Following a relaxing weekend, it was back to business on Monday with the physiotherapists pressuring me into finalising my manual wheelchair script. So it was a question of which colour, what size rims, which wheels, carbon fibre or titanium frame, choice of backrest fabric and the list goes on. Given I settled on a toxic green carbon fibre frame, I can guarantee that what I lack in speed I will make up for in appearance.
On the medical side, I was required to head back to Royal North Shore Hospital this week to discuss the pros and cons of a baclafen pump. This device, about the size of a hockey puck, is inserted under the skin just below ones ribs and is used to continuously inject baclafen (a well known anti-spasm drug) directly into the spinal cord to provide strong relief to involuntary spasticity. Following my appointment I will be testing this product in coming weeks and if successful will proceed with the operation. I am not going to lie to you, given the size of pump and its semi permanent nature, this is not a decision I will be taking lightly. However given the benefits, it needs to be strongly considered.
As some of you will know one of my many passions is the great game of golf. As such I was delighted when Kevin from Bankstown Golf Course arrived with his adapted golf cart on Tuesday to demonstrate how some recovering quadriplegics and paraplegics are starting to make their comebacks to the sport. Although my hand function is a major limiting factor at the moment it was great to see some of these guys in action given their varying levels of disability. In the meantime I guess I will have to be satisfied with working on my short game with a club strapped to my good right arm.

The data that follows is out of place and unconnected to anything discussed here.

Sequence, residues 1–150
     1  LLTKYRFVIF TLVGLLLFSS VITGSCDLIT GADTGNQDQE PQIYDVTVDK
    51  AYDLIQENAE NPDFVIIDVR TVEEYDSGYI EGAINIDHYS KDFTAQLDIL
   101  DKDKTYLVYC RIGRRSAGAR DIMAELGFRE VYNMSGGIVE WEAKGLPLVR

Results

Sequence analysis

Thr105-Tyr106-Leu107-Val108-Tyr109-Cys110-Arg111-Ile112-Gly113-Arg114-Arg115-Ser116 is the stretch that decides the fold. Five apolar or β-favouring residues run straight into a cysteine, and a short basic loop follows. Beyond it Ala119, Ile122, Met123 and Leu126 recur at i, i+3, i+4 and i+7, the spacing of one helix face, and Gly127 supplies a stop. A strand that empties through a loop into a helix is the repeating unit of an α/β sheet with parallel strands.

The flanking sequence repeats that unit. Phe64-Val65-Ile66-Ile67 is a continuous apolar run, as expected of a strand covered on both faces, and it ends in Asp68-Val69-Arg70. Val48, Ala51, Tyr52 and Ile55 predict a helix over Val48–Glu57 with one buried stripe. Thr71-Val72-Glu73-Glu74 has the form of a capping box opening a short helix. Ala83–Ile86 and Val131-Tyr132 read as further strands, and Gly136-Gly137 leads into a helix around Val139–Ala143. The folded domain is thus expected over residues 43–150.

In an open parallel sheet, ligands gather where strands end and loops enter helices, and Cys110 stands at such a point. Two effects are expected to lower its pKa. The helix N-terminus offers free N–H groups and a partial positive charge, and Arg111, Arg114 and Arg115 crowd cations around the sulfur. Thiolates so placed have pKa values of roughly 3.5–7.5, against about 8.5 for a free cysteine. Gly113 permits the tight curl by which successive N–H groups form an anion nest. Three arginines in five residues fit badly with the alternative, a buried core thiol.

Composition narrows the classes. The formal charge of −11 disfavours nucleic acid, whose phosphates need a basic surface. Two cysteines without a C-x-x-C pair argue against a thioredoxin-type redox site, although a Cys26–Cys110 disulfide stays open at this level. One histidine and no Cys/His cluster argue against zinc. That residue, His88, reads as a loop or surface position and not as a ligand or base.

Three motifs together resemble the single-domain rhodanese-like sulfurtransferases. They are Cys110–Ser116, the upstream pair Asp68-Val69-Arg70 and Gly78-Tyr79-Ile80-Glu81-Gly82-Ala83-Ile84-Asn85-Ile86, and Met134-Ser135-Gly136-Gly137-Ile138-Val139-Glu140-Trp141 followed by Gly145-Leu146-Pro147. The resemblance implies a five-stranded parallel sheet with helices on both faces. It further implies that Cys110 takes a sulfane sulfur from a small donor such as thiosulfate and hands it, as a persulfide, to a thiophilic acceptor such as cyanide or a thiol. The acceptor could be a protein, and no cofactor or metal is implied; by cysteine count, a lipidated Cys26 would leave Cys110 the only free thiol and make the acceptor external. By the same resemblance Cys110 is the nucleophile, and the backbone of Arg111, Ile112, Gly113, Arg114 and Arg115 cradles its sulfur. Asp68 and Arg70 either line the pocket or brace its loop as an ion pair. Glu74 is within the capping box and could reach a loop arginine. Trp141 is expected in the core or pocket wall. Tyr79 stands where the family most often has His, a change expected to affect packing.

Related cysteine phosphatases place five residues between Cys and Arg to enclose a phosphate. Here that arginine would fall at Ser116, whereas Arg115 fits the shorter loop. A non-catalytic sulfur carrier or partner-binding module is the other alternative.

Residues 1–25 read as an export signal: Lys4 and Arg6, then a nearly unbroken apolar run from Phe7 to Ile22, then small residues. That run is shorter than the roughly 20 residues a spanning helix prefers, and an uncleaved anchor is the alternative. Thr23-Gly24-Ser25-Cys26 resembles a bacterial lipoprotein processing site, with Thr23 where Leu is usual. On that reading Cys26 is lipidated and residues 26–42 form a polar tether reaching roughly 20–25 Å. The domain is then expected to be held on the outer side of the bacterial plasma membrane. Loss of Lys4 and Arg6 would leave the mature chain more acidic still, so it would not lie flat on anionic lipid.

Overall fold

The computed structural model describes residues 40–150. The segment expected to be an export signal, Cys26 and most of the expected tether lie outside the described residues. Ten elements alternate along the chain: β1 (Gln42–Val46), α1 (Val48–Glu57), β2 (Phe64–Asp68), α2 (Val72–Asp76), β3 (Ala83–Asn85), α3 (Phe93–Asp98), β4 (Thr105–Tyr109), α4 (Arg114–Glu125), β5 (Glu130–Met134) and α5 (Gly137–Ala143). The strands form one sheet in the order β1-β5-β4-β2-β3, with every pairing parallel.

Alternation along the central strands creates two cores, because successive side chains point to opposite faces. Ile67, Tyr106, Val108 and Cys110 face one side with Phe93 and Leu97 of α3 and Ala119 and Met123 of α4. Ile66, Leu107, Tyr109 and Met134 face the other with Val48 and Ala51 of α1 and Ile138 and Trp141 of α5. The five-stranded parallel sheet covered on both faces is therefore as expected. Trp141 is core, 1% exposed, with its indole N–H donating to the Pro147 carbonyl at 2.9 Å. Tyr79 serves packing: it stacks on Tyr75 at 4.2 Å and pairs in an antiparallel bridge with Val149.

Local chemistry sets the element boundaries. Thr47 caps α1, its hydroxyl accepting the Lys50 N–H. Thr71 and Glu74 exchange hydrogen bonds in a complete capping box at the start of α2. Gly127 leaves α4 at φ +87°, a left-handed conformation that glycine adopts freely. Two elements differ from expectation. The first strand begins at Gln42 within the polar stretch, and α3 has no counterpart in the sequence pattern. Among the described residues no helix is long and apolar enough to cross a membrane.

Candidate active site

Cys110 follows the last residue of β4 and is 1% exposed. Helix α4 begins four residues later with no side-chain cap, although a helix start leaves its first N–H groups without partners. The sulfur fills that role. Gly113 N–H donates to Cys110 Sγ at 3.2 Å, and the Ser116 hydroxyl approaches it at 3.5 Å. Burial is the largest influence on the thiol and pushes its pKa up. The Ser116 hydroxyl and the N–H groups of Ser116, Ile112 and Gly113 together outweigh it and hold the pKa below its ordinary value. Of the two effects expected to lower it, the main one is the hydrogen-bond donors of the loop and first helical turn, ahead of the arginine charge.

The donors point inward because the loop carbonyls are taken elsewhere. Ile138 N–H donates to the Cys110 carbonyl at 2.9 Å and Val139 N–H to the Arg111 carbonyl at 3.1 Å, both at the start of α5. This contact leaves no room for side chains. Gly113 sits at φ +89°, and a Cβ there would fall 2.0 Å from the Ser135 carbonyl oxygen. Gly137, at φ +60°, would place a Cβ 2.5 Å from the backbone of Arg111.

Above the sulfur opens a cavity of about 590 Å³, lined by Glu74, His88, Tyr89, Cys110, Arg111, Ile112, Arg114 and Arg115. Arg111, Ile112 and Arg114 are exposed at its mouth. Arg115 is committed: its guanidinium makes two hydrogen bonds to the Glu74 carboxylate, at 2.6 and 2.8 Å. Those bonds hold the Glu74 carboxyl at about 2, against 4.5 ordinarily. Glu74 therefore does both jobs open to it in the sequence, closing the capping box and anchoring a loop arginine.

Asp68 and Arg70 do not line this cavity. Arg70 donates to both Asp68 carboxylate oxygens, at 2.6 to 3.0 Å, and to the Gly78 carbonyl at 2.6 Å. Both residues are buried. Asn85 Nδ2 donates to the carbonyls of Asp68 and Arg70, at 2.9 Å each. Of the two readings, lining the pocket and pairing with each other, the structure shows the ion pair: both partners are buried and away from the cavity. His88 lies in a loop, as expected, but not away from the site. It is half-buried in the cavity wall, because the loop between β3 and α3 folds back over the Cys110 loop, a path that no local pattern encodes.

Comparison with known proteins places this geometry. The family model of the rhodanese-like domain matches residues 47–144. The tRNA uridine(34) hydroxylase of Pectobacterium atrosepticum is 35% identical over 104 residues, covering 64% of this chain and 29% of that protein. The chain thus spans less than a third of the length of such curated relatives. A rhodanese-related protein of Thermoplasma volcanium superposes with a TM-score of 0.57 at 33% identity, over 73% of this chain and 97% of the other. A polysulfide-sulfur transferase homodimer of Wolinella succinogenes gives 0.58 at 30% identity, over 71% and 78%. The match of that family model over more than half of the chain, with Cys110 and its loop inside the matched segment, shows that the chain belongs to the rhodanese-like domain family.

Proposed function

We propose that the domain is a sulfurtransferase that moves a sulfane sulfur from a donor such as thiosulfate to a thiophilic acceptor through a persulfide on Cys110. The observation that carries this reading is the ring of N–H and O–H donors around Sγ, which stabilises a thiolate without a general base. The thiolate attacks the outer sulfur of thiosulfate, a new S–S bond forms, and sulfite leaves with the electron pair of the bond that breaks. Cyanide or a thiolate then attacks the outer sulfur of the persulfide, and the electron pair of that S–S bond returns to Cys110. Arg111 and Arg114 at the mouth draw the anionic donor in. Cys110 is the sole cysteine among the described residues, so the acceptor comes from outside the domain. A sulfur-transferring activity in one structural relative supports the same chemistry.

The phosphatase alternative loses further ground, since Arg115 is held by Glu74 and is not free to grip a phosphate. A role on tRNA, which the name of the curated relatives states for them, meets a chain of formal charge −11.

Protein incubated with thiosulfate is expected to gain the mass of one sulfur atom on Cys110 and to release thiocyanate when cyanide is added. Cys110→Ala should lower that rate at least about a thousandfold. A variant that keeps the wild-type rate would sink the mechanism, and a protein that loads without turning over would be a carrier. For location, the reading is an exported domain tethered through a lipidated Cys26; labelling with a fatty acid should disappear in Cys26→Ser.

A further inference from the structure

As previously mentioned transferring is a key skill for all recovering spinal cord patients. On Friday last I was lucky enough to have my first session of car transferring with my trusty physio Holly and enthusiastic occupational therapist Damien. As Dad appeared with Mum’s family wagon and Martin with his poo brown commodore station wagon aptly named ‘the nuggét’ it was clear, that despite its inferior appearance and advanced tenure on the road, that the latter would be the transportation car of choice. This was confirmed following the transfers and a liberating 15 minute journey was enjoyed in the front passenger seat with a trusty chauffeur at the wheel. I cannot tell you how amazing it was being in the front passenger seat for the first time in just under 7 months.
You can imagine the scene in coming weeks when Martin and I are seen folding up my toxic green manual chair into his poo brown sedan.